Seasoned risk and internal audit leader Chris Corless discusses the road block most risk managers have come up against—the resistant risk owner.
I have a vivid memory of meeting with a senior leader, shortly after joining an organisation and prior to putting together board reporting, who said to me: “Well, it is nice to meet you, but I’m not sure why we need to having this conversation, as I don’t have any risk in my area of the business.” By the end of my time in the organisation, this same senior leader was one of the biggest proponents of risk management and used a structured approach to understand how the risks that were owned by his lead team were managed on a regular basis.
Does everyone feel this way?
From my experience, there can be several factors that can lead to this type of road block, and I believe the first step is to seek to understand why the risk owner is taking this stance – do they understand the risk framework, what is the culture around risk in the organisation, and what is the culture around self-reporting? Also, consider if this is the lone view of one risk owner or if it is something that is shared by multiple risk owners across the organisation. Once you understand the reason behind the road block and its extent across the business, you will have a much better idea of how to overcome it and the effort required to do so.
Give them a framework
One common problem that I have come across is that the risk owner is not clear on the risk framework or the requirements that are expected of them. Having a simple, clear risk model (I am a fan of the Harvard Model by Kaplan and Mikes) that helps to drive consistent purpose, language and accountabilities in the organisation will be helpful to remove any ambiguity about what is required and why. As you build up your framework of functional accountabilities, it is important to develop training to help support an inevitable turnover of risk owners. Fortunately, this problem is mostly in the control of the risk function and relatively straightforward to resolve – it is entirely in the remit of the function.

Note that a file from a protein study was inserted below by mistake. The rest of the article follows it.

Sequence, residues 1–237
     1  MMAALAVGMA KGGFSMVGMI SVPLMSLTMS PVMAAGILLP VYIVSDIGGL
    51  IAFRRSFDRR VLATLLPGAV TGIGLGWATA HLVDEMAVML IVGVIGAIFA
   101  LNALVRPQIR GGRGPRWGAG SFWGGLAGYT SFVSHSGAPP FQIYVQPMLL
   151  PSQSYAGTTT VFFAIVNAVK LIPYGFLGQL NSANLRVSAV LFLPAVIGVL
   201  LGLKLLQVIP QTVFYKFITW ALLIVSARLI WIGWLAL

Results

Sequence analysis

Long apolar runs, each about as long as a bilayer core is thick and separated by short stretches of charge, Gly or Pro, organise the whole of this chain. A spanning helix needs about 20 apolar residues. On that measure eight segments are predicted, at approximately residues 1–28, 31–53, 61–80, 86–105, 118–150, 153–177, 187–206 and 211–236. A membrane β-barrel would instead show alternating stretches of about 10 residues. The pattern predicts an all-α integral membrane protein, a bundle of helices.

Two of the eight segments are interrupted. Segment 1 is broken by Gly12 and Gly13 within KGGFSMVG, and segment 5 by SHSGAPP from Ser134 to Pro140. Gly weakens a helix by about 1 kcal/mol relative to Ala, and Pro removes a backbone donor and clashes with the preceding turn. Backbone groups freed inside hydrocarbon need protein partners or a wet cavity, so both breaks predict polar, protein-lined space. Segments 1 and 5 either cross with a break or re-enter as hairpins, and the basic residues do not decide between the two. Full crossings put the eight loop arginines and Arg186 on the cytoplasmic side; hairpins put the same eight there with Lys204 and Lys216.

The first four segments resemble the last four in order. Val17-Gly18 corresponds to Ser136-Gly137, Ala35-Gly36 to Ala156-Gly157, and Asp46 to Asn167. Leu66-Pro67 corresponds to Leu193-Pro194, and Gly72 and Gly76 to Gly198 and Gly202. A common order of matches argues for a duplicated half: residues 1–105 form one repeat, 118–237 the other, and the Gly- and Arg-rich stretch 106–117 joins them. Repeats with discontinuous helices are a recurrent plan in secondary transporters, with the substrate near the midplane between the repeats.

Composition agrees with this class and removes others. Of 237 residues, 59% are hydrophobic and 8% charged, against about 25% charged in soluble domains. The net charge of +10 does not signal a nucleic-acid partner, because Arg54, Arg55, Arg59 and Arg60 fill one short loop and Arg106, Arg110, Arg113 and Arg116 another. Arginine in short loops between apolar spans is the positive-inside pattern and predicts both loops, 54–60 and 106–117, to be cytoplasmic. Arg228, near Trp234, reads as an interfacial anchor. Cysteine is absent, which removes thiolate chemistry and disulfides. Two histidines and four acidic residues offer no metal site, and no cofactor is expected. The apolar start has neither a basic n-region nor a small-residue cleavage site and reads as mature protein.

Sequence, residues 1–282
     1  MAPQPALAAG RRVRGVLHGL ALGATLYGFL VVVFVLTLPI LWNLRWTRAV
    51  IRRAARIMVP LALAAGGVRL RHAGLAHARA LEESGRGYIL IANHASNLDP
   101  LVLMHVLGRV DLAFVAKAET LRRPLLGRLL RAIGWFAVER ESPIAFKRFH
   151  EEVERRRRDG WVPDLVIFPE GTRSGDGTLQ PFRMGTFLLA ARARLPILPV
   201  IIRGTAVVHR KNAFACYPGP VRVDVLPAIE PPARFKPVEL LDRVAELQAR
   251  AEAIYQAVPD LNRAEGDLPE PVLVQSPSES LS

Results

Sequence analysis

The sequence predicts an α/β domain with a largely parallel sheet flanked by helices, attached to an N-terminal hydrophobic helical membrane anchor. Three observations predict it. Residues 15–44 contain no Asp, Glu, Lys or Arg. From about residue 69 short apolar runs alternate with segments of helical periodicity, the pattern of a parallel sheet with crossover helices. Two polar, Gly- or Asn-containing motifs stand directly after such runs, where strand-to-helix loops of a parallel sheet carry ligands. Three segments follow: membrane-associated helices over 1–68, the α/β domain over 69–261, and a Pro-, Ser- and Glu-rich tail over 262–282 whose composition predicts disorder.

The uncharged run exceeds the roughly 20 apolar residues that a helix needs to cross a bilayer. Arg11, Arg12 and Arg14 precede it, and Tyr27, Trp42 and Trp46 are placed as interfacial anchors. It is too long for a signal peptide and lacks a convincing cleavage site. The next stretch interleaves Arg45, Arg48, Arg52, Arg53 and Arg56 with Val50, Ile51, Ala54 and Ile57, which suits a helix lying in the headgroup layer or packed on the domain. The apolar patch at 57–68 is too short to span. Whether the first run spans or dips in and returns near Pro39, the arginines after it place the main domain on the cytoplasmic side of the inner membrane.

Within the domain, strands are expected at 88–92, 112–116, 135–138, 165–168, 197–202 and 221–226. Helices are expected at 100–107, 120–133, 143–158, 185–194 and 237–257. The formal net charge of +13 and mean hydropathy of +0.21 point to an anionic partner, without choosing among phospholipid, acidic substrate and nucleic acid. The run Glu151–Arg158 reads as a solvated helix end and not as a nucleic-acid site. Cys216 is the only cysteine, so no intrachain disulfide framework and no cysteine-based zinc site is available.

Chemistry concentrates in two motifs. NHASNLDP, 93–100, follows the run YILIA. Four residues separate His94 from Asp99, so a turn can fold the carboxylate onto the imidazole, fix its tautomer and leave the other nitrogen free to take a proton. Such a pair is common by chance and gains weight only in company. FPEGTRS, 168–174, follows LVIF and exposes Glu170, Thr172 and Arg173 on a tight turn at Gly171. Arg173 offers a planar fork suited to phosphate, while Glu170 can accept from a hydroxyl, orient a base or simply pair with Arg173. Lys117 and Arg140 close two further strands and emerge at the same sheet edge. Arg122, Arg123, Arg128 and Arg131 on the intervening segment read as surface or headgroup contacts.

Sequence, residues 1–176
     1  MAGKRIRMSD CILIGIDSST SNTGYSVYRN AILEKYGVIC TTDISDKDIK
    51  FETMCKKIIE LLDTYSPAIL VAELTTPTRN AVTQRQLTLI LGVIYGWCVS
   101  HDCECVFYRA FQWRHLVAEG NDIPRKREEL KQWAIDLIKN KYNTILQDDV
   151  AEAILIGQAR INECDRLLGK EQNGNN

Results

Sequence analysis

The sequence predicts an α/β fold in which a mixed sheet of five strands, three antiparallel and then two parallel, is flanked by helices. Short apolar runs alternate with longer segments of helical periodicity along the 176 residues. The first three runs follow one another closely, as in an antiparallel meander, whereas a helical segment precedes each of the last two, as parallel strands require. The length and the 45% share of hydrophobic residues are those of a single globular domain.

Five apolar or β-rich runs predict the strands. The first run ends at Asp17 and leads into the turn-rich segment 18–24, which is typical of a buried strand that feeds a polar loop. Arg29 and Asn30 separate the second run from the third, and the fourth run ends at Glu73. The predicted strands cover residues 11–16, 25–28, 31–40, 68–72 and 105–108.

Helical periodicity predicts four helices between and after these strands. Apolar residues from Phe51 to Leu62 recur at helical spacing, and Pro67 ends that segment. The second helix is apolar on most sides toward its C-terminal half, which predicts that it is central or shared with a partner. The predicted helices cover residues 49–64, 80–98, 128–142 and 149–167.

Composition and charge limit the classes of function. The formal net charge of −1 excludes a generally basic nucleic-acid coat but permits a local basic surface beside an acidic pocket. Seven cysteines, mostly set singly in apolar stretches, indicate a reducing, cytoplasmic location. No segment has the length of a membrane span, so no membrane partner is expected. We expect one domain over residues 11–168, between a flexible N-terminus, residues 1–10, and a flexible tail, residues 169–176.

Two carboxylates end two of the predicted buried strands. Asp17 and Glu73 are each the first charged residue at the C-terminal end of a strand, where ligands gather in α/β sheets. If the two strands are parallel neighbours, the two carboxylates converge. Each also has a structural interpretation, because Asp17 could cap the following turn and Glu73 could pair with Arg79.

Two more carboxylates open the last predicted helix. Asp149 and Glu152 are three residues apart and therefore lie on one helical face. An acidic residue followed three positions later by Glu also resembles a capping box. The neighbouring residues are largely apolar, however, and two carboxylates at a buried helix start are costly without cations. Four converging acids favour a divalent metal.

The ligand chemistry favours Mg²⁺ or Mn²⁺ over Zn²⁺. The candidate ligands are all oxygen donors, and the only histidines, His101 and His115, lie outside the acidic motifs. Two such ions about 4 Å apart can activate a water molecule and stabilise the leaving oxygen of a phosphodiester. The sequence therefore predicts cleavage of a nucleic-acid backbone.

Are they afraid to self-report?
Cultural causes of these road blocks can be more challenging to resolve. Organisational culture can have a significant impact on risk management in organisations and much has been written about it (see another piece I wrote: “What the heck is risk culture ”). A command and control culture that leads by fear can often create real challenges for risk management because self-reporting a potential vulnerability to your part of the business or an area where you need help could be a career-ending decision. This quickly leads to a less-than-transparent organisation. This is a very tough problem to crack and will need the help of the CEO and senior lead team to turn around.
Fight a fear-led culture
The first step is removing the management-by-fear doctrine. The risk management function can support this by highlighting that a risk owner raising their hand about a problem that needs addressing should be celebrated instead of punished. By defending those who are actively managing their risks there will be less and less reluctance by risk owners to acknowledge their risks and report any problems that are identified.
Cultural transformation isn’t easy but by being deliberate and consistent it will change over time and remove one more reason you could run into a reluctant risk owner.